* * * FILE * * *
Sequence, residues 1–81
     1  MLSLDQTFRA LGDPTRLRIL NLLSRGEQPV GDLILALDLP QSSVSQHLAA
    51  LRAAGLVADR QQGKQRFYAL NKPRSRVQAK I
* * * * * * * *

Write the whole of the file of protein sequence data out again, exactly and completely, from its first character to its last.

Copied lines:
Sequence, residues 1–81
     1  MLSLDQTFRA LGDPTRLRIL NLLSRGEQPV GDLILALDLP QSSVSQHLAA
    51  LRAAGLVADR QQGKQRFYAL NKPRSRVQAK I